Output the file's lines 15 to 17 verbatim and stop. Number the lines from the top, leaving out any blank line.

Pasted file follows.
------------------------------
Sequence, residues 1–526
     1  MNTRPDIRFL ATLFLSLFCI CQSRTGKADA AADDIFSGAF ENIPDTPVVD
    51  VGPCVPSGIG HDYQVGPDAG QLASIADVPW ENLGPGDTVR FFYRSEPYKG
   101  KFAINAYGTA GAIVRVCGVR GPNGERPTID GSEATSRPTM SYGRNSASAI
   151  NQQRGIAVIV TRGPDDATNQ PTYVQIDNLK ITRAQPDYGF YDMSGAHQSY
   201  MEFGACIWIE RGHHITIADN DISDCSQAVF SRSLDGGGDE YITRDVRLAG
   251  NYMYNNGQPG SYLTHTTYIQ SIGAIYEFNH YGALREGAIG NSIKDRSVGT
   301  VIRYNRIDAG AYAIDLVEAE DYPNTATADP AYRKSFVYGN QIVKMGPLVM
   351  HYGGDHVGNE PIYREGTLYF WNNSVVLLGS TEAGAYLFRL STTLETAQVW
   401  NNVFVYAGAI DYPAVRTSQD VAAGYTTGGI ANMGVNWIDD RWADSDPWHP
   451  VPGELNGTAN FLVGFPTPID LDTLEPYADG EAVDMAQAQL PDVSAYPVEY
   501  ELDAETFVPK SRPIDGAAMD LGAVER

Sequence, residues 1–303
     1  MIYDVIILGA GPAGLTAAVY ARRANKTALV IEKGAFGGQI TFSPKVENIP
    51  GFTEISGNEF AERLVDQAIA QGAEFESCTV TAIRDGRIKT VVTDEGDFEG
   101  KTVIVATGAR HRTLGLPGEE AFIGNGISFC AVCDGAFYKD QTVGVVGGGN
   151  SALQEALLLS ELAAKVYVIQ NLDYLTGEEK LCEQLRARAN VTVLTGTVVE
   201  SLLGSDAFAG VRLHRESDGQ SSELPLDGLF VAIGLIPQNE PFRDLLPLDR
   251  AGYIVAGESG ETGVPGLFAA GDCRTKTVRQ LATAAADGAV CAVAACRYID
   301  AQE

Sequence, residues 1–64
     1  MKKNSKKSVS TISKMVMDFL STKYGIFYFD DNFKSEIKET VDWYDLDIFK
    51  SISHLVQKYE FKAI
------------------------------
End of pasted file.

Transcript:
    51  GFTEISGNEF AERLVDQAIA QGAEFESCTV TAIRDGRIKT VVTDEGDFEG
   101  KTVIVATGAR HRTLGLPGEE AFIGNGISFC AVCDGAFYKD QTVGVVGGGN
   151  SALQEALLLS ELAAKVYVIQ NLDYLTGEEK LCEQLRARAN VTVLTGTVVE